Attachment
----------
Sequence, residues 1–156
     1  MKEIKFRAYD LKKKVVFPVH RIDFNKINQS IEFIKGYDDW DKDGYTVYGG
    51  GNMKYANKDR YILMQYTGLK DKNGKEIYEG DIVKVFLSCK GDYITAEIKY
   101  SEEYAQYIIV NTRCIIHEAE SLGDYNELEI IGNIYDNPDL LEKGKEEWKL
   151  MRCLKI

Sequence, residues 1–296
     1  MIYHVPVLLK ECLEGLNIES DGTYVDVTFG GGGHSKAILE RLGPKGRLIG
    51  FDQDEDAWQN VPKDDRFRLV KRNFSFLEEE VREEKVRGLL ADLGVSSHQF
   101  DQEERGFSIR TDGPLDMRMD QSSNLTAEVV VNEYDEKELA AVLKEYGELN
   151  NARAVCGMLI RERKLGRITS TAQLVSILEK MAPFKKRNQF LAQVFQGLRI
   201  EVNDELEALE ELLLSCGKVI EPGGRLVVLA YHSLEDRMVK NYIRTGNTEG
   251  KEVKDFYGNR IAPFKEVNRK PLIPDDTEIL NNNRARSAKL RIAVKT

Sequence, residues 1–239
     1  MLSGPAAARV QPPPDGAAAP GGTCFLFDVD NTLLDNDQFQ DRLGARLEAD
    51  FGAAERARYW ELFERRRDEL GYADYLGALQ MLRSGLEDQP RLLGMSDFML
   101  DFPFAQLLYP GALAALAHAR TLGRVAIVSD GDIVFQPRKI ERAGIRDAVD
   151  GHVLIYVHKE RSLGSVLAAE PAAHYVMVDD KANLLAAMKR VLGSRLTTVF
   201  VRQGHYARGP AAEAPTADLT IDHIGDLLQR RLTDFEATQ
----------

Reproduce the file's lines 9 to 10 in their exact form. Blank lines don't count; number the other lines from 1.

   101  DQEERGFSIR TDGPLDMRMD QSSNLTAEVV VNEYDEKELA AVLKEYGELN
   151  NARAVCGMLI RERKLGRITS TAQLVSILEK MAPFKKRNQF LAQVFQGLRI